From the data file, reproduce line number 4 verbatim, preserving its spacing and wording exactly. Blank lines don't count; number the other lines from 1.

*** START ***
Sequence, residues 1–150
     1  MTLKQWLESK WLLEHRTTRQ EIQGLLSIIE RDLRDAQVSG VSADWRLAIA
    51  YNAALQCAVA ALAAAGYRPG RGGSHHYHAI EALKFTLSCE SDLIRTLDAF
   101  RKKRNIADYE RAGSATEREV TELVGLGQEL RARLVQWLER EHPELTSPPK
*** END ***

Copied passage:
   101  RKKRNIADYE RAGSATEREV TELVGLGQEL RARLVQWLER EHPELTSPPK